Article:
One would expect that when taking elementary math in public school that one would have learned that multiplying a constant ($1.00) by an increasing value (property value) results in a bigger number.  Should the legislature really, really want to reduce local property taxes, they should pass legislation that the increase in appraised value shall be multiplied by minus one. This value would then be applied to the current appraised value.  Applying a diminishing appraised value to a fixed tax rate would definitely reduce property taxes.

Figure 2: State-Local Shares of Foundation School Program (FSP), FY00-FY19e

Source:  Politifact data from LBB,  


Following the 2006  reform in FY08 the state contribution to fund the FSP initially increased by 8.8 percentage points to a high of 48.5 percent.  Since then the state’s contribution has declined and according to the LBB is expected to reach 38.0 percent in FY19.   Efforts are now underway in both the House and Senate to provide local property tax relief.  Who would believe that school finance reform would not require a Supreme Court ruling?


Before the property tax reform, FSP comprised about 16 percent of total state expenditures.  Following the reform, these expenditures increased to 22 percent in both FY08 and FY09, but since then the proportion of state expenditures for the FSP have declined and were 18.3 percent in FY18.  This fiscal year FSP expenditures account for 18.6 percent of All Funds expenditures.


Table 2 shows expenditures by function through February FY18 and FY19.  While some functions did increase, Education expenditures, which include expenditures for both public and higher education, declined by $1.0 billion (-4.9 percent).  The decline in Education was the main contributor to AF expenditures declining by $1.1 billion.


Table 2:  All Funds Expenditures by Function (in millions of dollars), 2nd Quarter FY18 and FY19


    Source:  Comptroller of Public Accounts, Trust_draft expenditure monthly tabulation


According to the LBB, All Funds appropriations for 2018-19 were $216.6 an increase of 0.3 percent from expenditures in FY16-17.  All Funds expenditures for FY18 increased by 3.5% from FY17 expenditures.  Should the trend in FY19 expenditures continue for the remainder of the fiscal year, FY19 expenditures will decrease by 1.5 percent and biennium expenditures will increase by a minimal 1.8 percent.  The biennium rate of increase is just about the increase in population and won’t account for the increase in prices associated with government services.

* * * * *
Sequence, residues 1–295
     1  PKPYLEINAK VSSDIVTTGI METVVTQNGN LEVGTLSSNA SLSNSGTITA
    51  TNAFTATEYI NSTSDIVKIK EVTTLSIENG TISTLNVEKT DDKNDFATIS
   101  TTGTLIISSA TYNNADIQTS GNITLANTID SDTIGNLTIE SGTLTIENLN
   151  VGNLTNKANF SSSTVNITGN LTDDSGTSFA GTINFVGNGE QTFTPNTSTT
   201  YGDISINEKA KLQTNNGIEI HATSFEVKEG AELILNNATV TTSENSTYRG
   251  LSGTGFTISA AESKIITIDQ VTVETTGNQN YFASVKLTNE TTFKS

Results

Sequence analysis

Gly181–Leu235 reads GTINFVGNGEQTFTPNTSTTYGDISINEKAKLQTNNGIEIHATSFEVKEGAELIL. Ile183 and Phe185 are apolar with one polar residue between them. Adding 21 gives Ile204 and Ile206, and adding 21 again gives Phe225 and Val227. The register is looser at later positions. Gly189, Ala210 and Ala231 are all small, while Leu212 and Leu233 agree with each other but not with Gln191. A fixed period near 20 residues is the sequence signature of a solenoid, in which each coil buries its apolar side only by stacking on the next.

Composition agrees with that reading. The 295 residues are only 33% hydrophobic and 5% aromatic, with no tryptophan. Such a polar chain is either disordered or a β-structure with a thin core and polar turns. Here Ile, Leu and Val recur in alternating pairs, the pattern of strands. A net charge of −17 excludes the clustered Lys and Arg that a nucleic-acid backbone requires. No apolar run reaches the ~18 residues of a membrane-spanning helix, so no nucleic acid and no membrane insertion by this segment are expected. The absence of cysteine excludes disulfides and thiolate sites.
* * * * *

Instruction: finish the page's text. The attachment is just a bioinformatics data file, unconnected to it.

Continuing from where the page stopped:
As the 86th Legislature considers actions to take to ensure that critical services, e.g., paying for public education, social services, infrastructure, are provided to the state’s citizens; there is neither a funding or spending limit constraint.  There is $12.5 billion in the RDF and $10.3 billion in spending authority from the General Revenue Fund.  There is also, according to Comptroller Hegar, an additional $8.9 billionin funds available for general-purpose spending.  According to another reliable analyst, there is already additional revenue for FY19, which will increase revenue for the upcoming biennium.  So members of the 86th Legislature; please do what is best for the state and its people.

If you want with all your heart and soul to reduce local school district property taxes might I suggest that with the $10.3 billion in spending authority for FY19, you increase the basic allotment by 40 percent?  This increase would result in a reduction in local property taxes and reduce recapture by a significant amount.  It is also a quite trivial undertaking.  Go to page III-6 of the current House appropriations act and change the $5,410’s to $7,200.  You will also need to change the $5,410 basic allotment in the introduced House General Appropriations Bill.  Increasing the basic allotment is a quite simple and easy solution to an ongoing issue. 

Dr. Greenfield holds a Ph.D. in economics from the University of Texas. He worked for three Comptrollers of Public Accounts and other Texas state agencies. Since retiring from the state in 2000, Greenfield has taught economics at ACC and UMUC.